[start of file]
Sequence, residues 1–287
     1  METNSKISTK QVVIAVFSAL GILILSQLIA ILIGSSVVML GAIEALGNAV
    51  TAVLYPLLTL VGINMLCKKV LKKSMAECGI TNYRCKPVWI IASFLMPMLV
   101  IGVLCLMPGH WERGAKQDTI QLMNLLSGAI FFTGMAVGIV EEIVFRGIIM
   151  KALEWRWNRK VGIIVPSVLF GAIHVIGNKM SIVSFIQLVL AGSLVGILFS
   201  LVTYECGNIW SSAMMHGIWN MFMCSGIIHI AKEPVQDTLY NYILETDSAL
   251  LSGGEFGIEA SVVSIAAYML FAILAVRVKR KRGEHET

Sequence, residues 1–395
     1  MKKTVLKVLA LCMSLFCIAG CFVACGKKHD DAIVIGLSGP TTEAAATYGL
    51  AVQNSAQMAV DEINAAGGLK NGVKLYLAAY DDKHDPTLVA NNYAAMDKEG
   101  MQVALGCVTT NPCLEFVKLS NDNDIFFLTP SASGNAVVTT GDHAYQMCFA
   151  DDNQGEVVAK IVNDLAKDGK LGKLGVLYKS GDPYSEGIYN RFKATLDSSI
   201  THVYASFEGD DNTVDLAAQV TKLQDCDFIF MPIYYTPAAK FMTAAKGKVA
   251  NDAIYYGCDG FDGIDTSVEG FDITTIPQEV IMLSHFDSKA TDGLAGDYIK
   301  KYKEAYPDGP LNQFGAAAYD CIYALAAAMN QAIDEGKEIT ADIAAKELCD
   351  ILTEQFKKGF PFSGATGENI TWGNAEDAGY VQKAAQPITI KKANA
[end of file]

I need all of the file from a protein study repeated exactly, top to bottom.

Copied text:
Sequence, residues 1–287
     1  METNSKISTK QVVIAVFSAL GILILSQLIA ILIGSSVVML GAIEALGNAV
    51  TAVLYPLLTL VGINMLCKKV LKKSMAECGI TNYRCKPVWI IASFLMPMLV
   101  IGVLCLMPGH WERGAKQDTI QLMNLLSGAI FFTGMAVGIV EEIVFRGIIM
   151  KALEWRWNRK VGIIVPSVLF GAIHVIGNKM SIVSFIQLVL AGSLVGILFS
   201  LVTYECGNIW SSAMMHGIWN MFMCSGIIHI AKEPVQDTLY NYILETDSAL
   251  LSGGEFGIEA SVVSIAAYML FAILAVRVKR KRGEHET

Sequence, residues 1–395
     1  MKKTVLKVLA LCMSLFCIAG CFVACGKKHD DAIVIGLSGP TTEAAATYGL
    51  AVQNSAQMAV DEINAAGGLK NGVKLYLAAY DDKHDPTLVA NNYAAMDKEG
   101  MQVALGCVTT NPCLEFVKLS NDNDIFFLTP SASGNAVVTT GDHAYQMCFA
   151  DDNQGEVVAK IVNDLAKDGK LGKLGVLYKS GDPYSEGIYN RFKATLDSSI
   201  THVYASFEGD DNTVDLAAQV TKLQDCDFIF MPIYYTPAAK FMTAAKGKVA
   251  NDAIYYGCDG FDGIDTSVEG FDITTIPQEV IMLSHFDSKA TDGLAGDYIK
   301  KYKEAYPDGP LNQFGAAAYD CIYALAAAMN QAIDEGKEIT ADIAAKELCD
   351  ILTEQFKKGF PFSGATGENI TWGNAEDAGY VQKAAQPITI KKANA